THE NATIVES AT IT AGAIN.
New Plymouth, July 19
On Saturday the natives mustered in force, and began fencing across the road which the Constabulary are making near Parihaka. They are headed by a well known fighting chief known as Te Whetu. Colonel Roberts remonstrated with them, when the natives replied that they intended to fence, and if the Constabulary pulled down the fence the Maoris would retaliate by pulling down the telegraph poles. Colonel Roberts telegraphed te Wellington to ascertain if he should take the Maoris prisoners ; the Government has replied, and a mounted messenger was sent on to the camp early this morning with a telegram. The contents are not known, but it is thought that the natives will be arrested.
Wellington, July 19
Te Whetu, and about half-a-dozen natives who were engaged in erecting fences across the road line near Parihaka, have been arrested and sent on to New Plymouth.
(Times Special. )
Te Whetu is a powerful and violent man whom Te Whiti has hitherto had great difficulty in keeping in order. Mr. Sheehan is of opinion that Brings are now just in the balance on the West Coast, and the greatest precautions are necessary to avert war. His expression to me is that it is “ Touch and go.”
Government have just received a telegram announcing the arrest of Te Whetu Biot Te Whiti) and several other natives. Te Whetu was violent and abusive, but he and his companions were secured and are now in custody, charged with obstructing the Constabulary and threatening to destroy telegraph poles. The position is decidedly critical, and is naturally giving the Government anxiety. New Plymouth, July 20.
The following are farther particulars re the arrest of natives. At about three p.m. yesterday afternoon the natives who were fencing were ordered to stop operations by Colonel Roberts, and on their refusing to do so, he ordered them to be arrested. Te Whetu, the loader, was first singled out and seized. He resisted violently, and it was with much difficulty he was secured, but after a good deal of struggling the handcuffs were securely fastened on, and Te Whetu made a prisoner. This native is supposed to be the murderer of Brady, a European, some thirteen years ago. The other natives, on seeing their chief a prisoner, quietly surrendered themselves, and all were duly handcuffed. The natives were then taken to the Armed Constabulary camp, and Colonel Roberts sent to town for a conveyance. Several were sent out, arriving there at seven o’clock last night. The prisoners were well guarded by the constabulary and brought into the town of New Plymouth, arriving at tw-o this morning. It is not known what will be done with them, as the Crown Prosecutor has got no instructions respecting them. It is said that one of Te Whiti’s sons is amongst the prisoners. When the news of the arrest was carried to Parihaka great excitement prevailed amongst the natives assembled at the meeting, and they all declared their determination to prosecute the work of erecting fences until all were taken prisoners. A number of natives near . town started for Parihaka this morning. The natives again erected a fence across the road near the camp this morning at 11.30. It was pulled do »vn by the con-, stabulary, and two natives commenced fencing again, when they were made prisoners. They evidently expected to be taken, and seemed pleased at the idea of a trip to Wellington. One asked that he should be served with blankets. They will be sent in to town to-night. Wellington, July 20.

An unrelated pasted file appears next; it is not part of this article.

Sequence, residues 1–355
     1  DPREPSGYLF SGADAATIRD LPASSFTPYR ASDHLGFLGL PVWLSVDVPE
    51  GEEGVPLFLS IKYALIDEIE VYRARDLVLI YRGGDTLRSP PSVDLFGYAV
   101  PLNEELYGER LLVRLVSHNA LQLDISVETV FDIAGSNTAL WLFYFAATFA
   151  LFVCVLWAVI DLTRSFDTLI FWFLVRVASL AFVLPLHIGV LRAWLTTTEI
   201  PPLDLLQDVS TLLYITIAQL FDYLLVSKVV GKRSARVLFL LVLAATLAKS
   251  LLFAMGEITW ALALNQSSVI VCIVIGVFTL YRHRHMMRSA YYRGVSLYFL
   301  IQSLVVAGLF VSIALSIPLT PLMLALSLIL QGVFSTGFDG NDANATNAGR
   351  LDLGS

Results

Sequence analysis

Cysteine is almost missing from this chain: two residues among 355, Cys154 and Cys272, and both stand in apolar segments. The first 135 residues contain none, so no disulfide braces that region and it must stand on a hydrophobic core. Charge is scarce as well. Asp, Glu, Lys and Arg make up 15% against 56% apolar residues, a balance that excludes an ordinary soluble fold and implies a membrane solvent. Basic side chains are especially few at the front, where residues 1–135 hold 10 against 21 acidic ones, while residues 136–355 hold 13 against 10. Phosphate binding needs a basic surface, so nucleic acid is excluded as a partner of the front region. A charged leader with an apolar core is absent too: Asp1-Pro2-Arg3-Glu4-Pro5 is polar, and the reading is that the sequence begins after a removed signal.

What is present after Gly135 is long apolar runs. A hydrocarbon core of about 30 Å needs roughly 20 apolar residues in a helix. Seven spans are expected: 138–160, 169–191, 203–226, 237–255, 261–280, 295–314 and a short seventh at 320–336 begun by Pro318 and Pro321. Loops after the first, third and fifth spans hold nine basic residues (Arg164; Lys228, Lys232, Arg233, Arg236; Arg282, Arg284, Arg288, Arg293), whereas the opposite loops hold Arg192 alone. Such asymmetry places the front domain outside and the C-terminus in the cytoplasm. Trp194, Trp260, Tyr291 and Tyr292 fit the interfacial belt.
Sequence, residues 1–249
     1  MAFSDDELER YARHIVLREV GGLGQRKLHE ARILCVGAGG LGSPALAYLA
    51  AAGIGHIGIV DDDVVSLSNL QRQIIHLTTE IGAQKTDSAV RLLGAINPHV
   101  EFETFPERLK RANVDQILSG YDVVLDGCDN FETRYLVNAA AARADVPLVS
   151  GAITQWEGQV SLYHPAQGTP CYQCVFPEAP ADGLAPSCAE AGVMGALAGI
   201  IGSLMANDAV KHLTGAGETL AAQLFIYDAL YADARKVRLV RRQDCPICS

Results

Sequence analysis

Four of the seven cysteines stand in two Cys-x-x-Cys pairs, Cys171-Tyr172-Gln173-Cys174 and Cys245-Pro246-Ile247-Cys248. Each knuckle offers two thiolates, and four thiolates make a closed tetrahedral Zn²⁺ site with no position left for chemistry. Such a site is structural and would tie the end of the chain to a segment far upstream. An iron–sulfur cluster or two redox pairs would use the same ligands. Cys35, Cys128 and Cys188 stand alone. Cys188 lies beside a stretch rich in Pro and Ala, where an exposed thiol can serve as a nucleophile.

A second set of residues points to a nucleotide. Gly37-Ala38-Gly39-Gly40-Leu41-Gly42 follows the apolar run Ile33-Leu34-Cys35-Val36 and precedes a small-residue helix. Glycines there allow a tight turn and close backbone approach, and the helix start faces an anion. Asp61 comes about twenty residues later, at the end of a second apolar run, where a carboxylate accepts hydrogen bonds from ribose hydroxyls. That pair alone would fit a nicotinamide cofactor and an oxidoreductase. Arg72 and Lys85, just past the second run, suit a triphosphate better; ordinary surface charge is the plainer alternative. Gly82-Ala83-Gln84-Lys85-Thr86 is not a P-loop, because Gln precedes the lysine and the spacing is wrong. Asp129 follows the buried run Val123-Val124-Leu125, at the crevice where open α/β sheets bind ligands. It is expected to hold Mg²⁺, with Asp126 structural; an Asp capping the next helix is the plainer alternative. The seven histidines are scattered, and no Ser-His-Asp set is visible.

Government this afternoon received intimation that two natives had again started fencing. Orders have been given to warn them to desist or they would be arrested, hut as they persisted in obstructing the road they were taken into custody. It is supposed that they had been sent by Te Whiti fertile purpose of being arrested. Te Whetu was the murderer of Brady, some years ago, at Taranaki, and the Government have done a good stroke by capturing him. Nothing is yet decided re the disposal of the new prisoners. SMUGGLED AMMUNITION. Wellington, July 21. A special telegram to the Post, from Napier, states that three followers of Te Whiti, who have been visiting the Hawke’s Bay natives, started to return to the West Coast this morning. They had some very heavy luggage, and wanted to put it in the railway carriage, but the guard insisted on its going in the van. Their reluctance aroused his suspicions, and he opened the parcel, finding a hundredweight and a-half of shot and a large quantity of powder. On his return he gave information to the police. . Telegrams were sent to Norsewood and Woodville to stop the natives, who, owing to the weight of the shot, were obliged to travel by coach. Major Scully left Napier by the next train, and their arrest is practically certain.
See our copyright guide for information on how you may use this title.
Papers Past now contains more than just newspapers. Use these links to navigate to other kinds of materials.
These links will always show you how deep you are in the collection. Click them to get a broader view of the items you're currently viewing.
Enter names, places, or other keywords that you're curious about here. We'll look for them in the fulltext of millions of articles.
Browsed to an interesting page? Click here to search within the item you're currently viewing, or start a new search.
Use these buttons to limit your searches to particular dates, titles, and more.
Switch between images of the original document and text transcriptions and outlines you can cut and paste.
Print, save, zoom in and more.
If you'd rather just browse through documents, click here to find titles and issues from particular dates and geographic regions.
The "Help" link will show you different tips for each page on the site, so click here often as you explore the site.